There are many more definitions of information literacy, but they all share an emphasis on personal competencies, which are usually broken down by the chain: recognition of an information need, development of a search strategy - query formulation and selection of sources, evaluation, synthesis, and effective use of the new information. Sometimes, correct citing is also seen as a crucial competency. In addition, information literacy is often mentioned together with the concept of critical thinking skills. Notice also how information literacy is conceptually closely linked to terms like "active learning", "problem-based learning", "student-centered learning", "lifelong learning", and "learning to learn". It is impossible to imagine an information illiterate knowledge worker. Hannelore Rader [Rader 1997] remarked that "[l]ibrarians are uniquely qualified to assume an active role in the new teaching environment because of their skills in collecting, evaluating, organizing and providing access to information." Information literacy can be seen as building on, but going way beyond, traditional library instruction. Increasingly, librarians will be involved in teaching classes --sometimes in close cooperation with faculty, sometimes in general skills courses. An important trend in the last few years is that library staffs are developing internet-based instruction modules. The Texas Information Literacy Tutorial <http://tilt.lib.utsystem.edu/> is an excellent example of this latter approach, which has gained widespread recognition in the library community.
Collaborative course design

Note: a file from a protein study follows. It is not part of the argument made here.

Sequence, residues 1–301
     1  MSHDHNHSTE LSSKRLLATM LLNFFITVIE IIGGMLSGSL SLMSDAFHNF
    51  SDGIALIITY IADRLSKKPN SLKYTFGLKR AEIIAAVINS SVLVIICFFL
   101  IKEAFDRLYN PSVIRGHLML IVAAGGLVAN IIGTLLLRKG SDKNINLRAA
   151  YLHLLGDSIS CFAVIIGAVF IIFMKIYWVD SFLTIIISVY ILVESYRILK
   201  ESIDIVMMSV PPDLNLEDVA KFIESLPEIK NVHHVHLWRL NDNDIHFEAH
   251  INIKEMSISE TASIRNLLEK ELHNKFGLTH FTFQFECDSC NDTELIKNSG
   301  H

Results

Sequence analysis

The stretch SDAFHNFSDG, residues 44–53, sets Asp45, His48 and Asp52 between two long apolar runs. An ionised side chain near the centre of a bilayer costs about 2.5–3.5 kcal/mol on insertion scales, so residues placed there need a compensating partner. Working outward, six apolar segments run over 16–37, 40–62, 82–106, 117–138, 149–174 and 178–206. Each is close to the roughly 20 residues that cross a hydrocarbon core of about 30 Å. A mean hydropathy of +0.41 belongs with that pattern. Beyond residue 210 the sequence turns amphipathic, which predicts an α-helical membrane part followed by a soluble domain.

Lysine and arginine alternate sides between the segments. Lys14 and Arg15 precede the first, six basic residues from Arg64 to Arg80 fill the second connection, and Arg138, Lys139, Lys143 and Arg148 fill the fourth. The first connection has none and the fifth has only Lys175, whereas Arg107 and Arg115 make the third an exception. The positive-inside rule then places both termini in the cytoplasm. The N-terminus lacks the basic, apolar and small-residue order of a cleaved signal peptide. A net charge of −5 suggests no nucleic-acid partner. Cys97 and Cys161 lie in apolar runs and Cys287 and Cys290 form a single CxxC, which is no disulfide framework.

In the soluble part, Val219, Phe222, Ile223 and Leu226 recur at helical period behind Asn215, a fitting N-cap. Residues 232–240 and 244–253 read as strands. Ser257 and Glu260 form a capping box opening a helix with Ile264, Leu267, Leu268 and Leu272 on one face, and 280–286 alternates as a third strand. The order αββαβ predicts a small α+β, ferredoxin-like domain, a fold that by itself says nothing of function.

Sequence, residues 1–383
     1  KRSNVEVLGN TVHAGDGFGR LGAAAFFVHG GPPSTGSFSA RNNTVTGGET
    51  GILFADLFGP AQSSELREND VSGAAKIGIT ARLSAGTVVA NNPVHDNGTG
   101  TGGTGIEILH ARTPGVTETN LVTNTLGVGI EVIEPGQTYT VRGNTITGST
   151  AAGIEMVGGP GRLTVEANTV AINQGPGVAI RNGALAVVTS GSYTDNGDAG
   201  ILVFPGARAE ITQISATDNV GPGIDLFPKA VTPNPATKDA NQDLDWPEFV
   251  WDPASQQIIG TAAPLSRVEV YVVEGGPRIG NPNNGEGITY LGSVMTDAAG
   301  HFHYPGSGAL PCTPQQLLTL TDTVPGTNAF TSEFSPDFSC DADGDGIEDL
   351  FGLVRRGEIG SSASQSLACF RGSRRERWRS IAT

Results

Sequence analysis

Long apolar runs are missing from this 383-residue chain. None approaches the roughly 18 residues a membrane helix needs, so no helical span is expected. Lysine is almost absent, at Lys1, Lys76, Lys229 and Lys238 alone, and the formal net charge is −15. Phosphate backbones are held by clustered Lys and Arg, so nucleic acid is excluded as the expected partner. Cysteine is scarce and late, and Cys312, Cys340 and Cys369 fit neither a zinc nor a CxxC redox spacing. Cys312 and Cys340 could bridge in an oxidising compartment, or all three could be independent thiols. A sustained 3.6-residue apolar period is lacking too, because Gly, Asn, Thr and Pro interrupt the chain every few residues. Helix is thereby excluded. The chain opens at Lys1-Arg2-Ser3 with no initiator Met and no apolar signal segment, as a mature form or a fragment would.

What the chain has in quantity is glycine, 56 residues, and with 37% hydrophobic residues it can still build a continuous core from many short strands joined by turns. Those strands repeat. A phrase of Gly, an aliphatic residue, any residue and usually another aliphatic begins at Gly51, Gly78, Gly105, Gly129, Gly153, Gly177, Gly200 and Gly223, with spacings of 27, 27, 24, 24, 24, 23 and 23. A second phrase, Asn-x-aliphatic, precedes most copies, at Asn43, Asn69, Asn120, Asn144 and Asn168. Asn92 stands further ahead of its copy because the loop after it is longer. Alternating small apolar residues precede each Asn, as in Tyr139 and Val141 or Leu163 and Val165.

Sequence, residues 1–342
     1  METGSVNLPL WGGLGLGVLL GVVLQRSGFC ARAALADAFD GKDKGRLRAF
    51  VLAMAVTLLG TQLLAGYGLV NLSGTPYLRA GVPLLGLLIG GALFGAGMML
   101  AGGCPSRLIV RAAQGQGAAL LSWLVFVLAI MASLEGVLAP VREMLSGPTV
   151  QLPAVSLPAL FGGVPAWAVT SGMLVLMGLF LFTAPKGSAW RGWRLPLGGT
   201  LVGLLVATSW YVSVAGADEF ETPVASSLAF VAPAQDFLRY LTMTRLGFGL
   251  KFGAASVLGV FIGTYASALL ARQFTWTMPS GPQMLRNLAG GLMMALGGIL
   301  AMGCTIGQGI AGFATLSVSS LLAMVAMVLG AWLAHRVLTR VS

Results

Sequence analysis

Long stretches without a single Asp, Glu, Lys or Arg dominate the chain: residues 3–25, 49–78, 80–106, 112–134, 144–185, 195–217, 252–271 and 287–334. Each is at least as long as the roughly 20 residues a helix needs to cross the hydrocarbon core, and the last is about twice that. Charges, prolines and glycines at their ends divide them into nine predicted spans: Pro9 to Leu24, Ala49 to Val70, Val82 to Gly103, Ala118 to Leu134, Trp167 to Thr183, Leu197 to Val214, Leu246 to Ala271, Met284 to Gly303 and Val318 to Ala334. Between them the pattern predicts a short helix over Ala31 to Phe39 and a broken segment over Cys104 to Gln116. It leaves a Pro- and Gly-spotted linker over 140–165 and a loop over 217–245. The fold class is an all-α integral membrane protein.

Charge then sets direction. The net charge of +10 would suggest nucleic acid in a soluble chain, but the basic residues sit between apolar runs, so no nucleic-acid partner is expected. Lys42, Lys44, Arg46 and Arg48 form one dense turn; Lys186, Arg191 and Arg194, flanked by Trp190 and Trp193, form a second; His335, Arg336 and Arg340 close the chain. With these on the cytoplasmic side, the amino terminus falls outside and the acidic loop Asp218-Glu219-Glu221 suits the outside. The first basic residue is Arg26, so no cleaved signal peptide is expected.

Of course, librarians who are building expertise in developing web-based course material can also use this expertise in a more broad sense. The idea here is that -- in contrast with the traditional situation in which teaching staff develops courses on their own, and choose the way they teach and assess student progress (the teacher as king of his class) -- learning environments of the future will be designed by multi-disciplinary teams of experts. Experts in developing course material, programmers, graphical designers, and experts in assessment, all will work together in designing rich modularized learning environments that offer alternative learning routes to different types of students. However, many learning environments build on a model for which origins can be traced back to early distance education. In this model, students are given a "box" containing all the material for a course they need to master, so-called self-contained courses. An approach that, of course, made sense in traditional distance education where library support has always been a rather cumbersome issue [Unwin, Stephens and Bolton 1998]. Alan Bundy [Bundy 2000] remarks that digital learning environments lead some educators to use the technology to gain even more control over students. But if the emphasis is on developing competencies needed to become knowledge workers, and if work and learning are more interconnected, one might expect that learning environments will become more open. Students in such a model are expected to go beyond the primary learning materials offered by teaching staff and are expected to explore independently other information sources as well.